The editors’ understanding of terrorism is, first and foremost, that it is a tactic that involves the threat and use of violence in order to achieve a political goal. This goal may be formulated in ideological or religious terms, but it invariably retains a political element. However, while the political motivation of terrorism can by no means justify the violence it perpetrates, it does help to distinguish it from—and, in fact, makes it more dangerous than—plain crime, motivated solely or primarily by material gain. To put it simply, if there is no political motivation behind an attack or threat of force, it can be stated that there is no terrorism involved.2

    Second, terrorism is different from the classic guerrilla warfare in that it directly and explicitly targets non-combatants, or is intentionally indiscriminate in its method, causing civilian casualties. In contrast, rebel attacks against armed combatants—for instance, government forces—should be distinguished from terrorism and should be referred to as insurgency, or ‘guerrilla warfare’. However, the same militant group can both target civilians in terrorist attacks and attack government forces. One of the editors, Jaideep Saikia, had earlier questioned whether countries such as India have deliberately kept a flexible anti-terrorism policy? According to him, the dilemma that India is faced with also stems from the fact that there exists a non-articulated perception in policy-making circles that there is an inherent distinction between insurgencies, such as the National Socialist Council of Nagalim (NSCN) and the United Liberation Front of Asom (ULFA) on the one hand, and terrorist groups such as the Jaish-e-Mohammad (JeM) and the Lashkar-e-Toiba on the other. Indeed, this is so despite the fact that (at times) the activities of the ULFA approximate to that of groups like the Lashkar-e-Toiba. If such features of Indian officialdom are any indication, then policy planners of the country do not seem to be suffering from a crisis of definition. It is quite clear in its understanding of the meaning of terrorism. Indeed, in the opinion of Saikia, it is in fact such an understanding that has led not only to the ambivalence that characterises India's response to terrorism, but the non-articulated perception of what constitutes terrorism (Saikia 2005).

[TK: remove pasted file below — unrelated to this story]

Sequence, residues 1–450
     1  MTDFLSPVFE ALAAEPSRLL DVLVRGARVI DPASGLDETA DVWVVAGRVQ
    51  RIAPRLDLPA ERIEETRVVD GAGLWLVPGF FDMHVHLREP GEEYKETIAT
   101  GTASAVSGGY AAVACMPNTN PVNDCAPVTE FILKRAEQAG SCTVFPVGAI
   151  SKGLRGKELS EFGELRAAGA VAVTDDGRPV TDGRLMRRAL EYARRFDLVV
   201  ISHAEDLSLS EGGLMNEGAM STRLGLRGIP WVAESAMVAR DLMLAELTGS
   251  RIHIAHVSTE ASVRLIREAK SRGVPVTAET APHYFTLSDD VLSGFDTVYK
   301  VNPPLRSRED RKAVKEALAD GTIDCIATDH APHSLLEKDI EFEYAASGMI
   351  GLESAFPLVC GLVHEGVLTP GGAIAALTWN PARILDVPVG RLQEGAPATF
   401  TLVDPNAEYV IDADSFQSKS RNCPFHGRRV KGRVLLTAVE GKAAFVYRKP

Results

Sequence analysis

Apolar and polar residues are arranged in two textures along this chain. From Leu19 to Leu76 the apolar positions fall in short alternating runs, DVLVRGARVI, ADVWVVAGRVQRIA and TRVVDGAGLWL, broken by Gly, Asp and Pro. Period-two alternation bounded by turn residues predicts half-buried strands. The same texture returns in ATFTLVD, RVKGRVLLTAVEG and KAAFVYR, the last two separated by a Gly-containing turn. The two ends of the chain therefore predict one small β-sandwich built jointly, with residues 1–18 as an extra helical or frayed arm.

While terrorist and guerrilla tactics may well be employed by the same armed group or movement, the use of one or the other tactic has different implications from the point of International Humanitarian Law (IHL). While the IHL explicitly warns against attacks against civilians in the course of the armed conflict—either intentionally or otherwise—it does not apply to attacks against government forces.

    Third, what distinguishes terrorists from other non-state actors—as well as states—who may use other forms of politically motivated violence against civilians, such as genocide, ethnic cleansing, etc., is that, for terrorists, civilians are the immediate victims, but never the ultimate targets of violence. Terrorism is specifically designed to create a broader political and psychological effect that goes beyond its direct ‘affect’ and human costs among civilians. One of the facets of terrorism is also that it needs to be visible: it has to showcase itself—it is aimed at an audience. Civilians are terrorists’ cannon fodder, but not their main addressees. Terrorists’ core message is always directed at someone far more important than their innocent, unarmed victims—elements that the terrorists cannot normally effectively challenge by using conventional military tactics. It is also important that terrorism, as noted by one of the editors, Dr Ekaterina Stepanova, in her works on the subject, is an asymmetrical tactic employed by a conventionally and politically weaker party that also lack formal status—usually, an oppositional non-state actor—against a more powerful status ‘enemy’—the state or a group of states. A transnational non-state actor who seeks to advance political goals that go beyond its national context may see the entire international system—state-based order—as its ultimate enemy. To put it simply, terrorism is a specifically oriented violent tactic of the ‘weak’ that is employed against the ‘strong’ by pressurising the conventionally stronger side of a higher formal status by killing or threatening civilian population. While the state as a ‘stronger’ side may also engage in mass violence against its own civilians, these criminal actions are not defined as ‘terrorism’ in this context, as they are not used as an asymmetrical tactic of the ‘weak’. Moreover, most of such crimes committed in the course of an armed conflict are already categorized by the IHL as either ‘war crimes’ or ‘crimes against humanity’. In other words, the notion of ‘terrorism’ as defined here is politically motivated violence against civilians carried out or threatened in an asymmetrical manner, that is, in order to create a disproportionately high political effect to exercise pressure on a more powerful opponent that is usually the state.3